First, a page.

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How to Celebrate the Indonesian Lunar New Year

One of the most important holidays in Indonesia for those of Chinese ethnicity, the Lunar New Year in Indonesia consists of many unique, traditional celebrations. In this article, you’ll learn about Chinese New Year festivities in Indonesia, read about common beliefs and symbolism, and gain a new set of handy Indonesian vocabulary for this holiday.

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1. What is the Chinese New Year in Indonesia?

Every year around the beginning of February, ethnic Chinese in Indonesia celebrate Chinese New Year. Chinese New Year celebrations are full of traditions, especially that of praying for abundant good fortune in the coming year. The Chinese New Year celebration in Indonesia is fifteen days long and ends on day fifteen with Cap Go Meh.

2. Dates for the Indonesian Lunar New Year

Flowers and Red Packet for Chinese New Year

The Chinese New Year is based on the lunar calendar, meaning that its date on the Gregorian calendar changes from year to year. For your convenience, here’s a list of this holiday’s date for the next ten years.

  • 2020: January 25
  • 2021: February 12
  • 2022: February 1
  • 2023: January 22
  • 2024: February 10
  • 2025: January 29
  • 2026: February 17
  • 2027: February 6
  • 2028: January 26
  • 2029: February 13

Did you know that Indonesians also celebrate the Gregorian New Year and Islamic New Year?

3. Chinese New Year Celebrations & Traditions

An Indonesian Family

There are many colorful and unique traditions for the Chinese New Year, most of which have to do with warding off bad luck and inviting good luck for the coming year. First and foremost, this involves perfectly cleaning one’s home; this is thought to “wash away” any bad luck from the previous year. Another common Chinese New Year tradition in Indonesia is to repaint one’s windows and doors before attaching a piece of paper with the Chinese character Fu on them, which symbolically “attaches” good luck to their home.

People will cut their hair and buy baju baru, or “new clothes,” to wear on this day. To further bring good luck for the Lunar New Year, Indonesians often wash any statues of gods or goddesses using water and seven kinds of flowers which counteract bad things.

The night before, people open their doors and windows so that good luck can enter, and the lights are kept on to symbolize a bright new year.

On the Chinese New Year, Indonesian keluarga, or “families,” will go to temples decorated with lanterns to pray for good luck. In the temple, there are also red pieces of paper containing prayers that are hung from the ceiling. In Semarang, Central Java, Sam Poo Kong Temple is very crowded during Chinese New Year celebrations. Tourists often join ethnic Chinese to witness the ceremonies. All types of food vendors come, offering Semarang specialty snacks, such as wedang ronde, tahu gimbal, and spring rolls.

Chinese New Year celebrations are full of symbolism and meaning. Barongsai, or “lion dance,” performances are synonymous with happiness and luck. The amount of food served during Chinese New Year is also symbolic of the twelve zodiacs, consisting of twelve main dishes and twelve types of cake. Some common foods are:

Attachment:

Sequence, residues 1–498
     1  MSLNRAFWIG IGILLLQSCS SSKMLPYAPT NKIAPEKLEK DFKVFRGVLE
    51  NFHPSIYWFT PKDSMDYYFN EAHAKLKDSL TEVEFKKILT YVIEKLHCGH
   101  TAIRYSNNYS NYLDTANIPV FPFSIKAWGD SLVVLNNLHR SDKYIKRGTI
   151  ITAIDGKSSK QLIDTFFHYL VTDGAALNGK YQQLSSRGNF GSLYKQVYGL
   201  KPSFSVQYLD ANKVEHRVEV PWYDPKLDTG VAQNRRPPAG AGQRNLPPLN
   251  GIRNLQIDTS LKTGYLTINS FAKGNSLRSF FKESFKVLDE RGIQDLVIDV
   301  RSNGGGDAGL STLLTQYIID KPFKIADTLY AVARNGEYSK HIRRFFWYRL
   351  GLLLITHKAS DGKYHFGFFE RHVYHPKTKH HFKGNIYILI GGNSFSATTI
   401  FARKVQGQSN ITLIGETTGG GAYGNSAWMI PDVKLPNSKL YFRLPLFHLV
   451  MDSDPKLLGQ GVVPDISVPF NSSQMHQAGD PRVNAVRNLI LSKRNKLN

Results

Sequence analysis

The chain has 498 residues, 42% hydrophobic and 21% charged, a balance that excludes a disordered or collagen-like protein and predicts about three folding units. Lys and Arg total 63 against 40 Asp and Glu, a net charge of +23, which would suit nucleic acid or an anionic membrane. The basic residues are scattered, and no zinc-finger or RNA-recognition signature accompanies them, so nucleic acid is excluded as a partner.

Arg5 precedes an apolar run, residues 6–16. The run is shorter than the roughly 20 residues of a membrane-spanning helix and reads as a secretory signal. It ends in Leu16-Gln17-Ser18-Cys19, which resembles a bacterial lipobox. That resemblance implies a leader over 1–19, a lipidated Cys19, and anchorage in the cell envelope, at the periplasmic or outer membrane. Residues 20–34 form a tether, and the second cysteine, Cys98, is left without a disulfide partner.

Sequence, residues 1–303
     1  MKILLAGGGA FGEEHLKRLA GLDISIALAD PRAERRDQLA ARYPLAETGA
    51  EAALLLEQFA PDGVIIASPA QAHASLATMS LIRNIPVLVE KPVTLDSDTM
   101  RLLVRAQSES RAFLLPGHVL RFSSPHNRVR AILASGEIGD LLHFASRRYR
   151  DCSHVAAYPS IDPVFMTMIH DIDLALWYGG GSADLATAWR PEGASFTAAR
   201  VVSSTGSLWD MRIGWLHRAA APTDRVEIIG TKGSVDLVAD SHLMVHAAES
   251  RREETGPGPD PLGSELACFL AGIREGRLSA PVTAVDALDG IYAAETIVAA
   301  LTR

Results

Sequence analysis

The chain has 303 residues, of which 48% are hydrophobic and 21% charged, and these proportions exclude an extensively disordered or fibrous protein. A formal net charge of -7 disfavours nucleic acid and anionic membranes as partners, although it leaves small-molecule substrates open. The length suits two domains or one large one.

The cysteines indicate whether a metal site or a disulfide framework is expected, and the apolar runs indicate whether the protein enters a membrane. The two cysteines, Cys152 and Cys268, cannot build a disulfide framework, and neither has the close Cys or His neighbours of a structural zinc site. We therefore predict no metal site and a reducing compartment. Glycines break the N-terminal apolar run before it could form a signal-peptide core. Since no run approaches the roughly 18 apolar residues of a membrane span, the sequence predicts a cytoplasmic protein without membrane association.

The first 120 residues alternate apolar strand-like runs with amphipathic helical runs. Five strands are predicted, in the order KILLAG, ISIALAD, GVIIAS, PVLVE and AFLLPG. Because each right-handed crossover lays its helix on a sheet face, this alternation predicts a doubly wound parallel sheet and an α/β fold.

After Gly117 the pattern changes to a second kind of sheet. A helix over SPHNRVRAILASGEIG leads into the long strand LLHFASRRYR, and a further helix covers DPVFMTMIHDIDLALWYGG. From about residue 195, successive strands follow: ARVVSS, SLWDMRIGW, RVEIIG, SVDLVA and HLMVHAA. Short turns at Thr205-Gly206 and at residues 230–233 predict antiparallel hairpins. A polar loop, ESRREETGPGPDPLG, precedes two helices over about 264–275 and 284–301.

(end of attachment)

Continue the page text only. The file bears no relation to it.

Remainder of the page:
• Siu Noodles, which symbolize long life and prosperity
  • Lapis legit, which symbolizes layers of fortune
  • Fish, which symbolizes great fortune
  • Jeruk mandarin, or “mandarin orange”
  • Bakmi goreng, or” fried noodle”
  • Buah naga, or “dragon fruit”

Eating porridge is prohibited because it symbolizes poverty.

Singkawang in West Kalimantan celebrates the fifteenth day of Chinese New Year by holding a Tatung parade—that is, one of spirit mediums. In this celebration, the Tatung, who is in a state of trance, will stab himself with a sharp object. Singkawang is the only place in the world that still practices this old Chinese tradition.

4. Good and Bad Colors

The color red is synonymous with Chinese New Year. However, in Indonesia, Lunar New Year tradition also prohibits two colors. Do you know what they are?

In addition to bringing feelings of joy and optimism, the color red is also believed to ward off evil spirits. However, black and white are avoided because black is the bearer of bad luck, while white is the color of death.

5. Vocabulary for the Chinese New Year Festival in Indonesia

A Chinese New Year Red Lantern Decoration

Ready to review some of the Indonesian vocabulary words from this article? Here are the essential words you should know for the Chinese New Year in Indonesia!

  • Merah — “Red”
  • Keluarga — “Family”
  • Vihara — “Vihara
  • Lampion merah — “Red lantern”
  • Angpau — “Red envelope”
  • Baju baru — “New clothes”
  • Jeruk mandarin — “Mandarin orange”
  • Barongsai — “Lion dance”
  • Bakmi goreng — “Fried noodle”
  • Kembang api — “Firework”
  • Buah naga — “Dragon fruit”
  • Kue keranjang — “Chinese New Year’s cake”
  • Pecinan — “Chinatown”
  • Perayaan — “Celebration”
  • Tahun Baru Imlek — “Lunar New Year”

To hear each of these vocabulary words pronounced, and to read them alongside relevant images, be sure to check out our Indonesian Lunar New Year vocabulary list!

Final Thoughts

We hope you enjoyed learning about the Chinese New Year in Indonesia with us! How do you celebrate the New Year in your country? Let us know in the comments!

If you’re interested in learning even more about Indonesian culture and celebrations, you may find the following pages useful:

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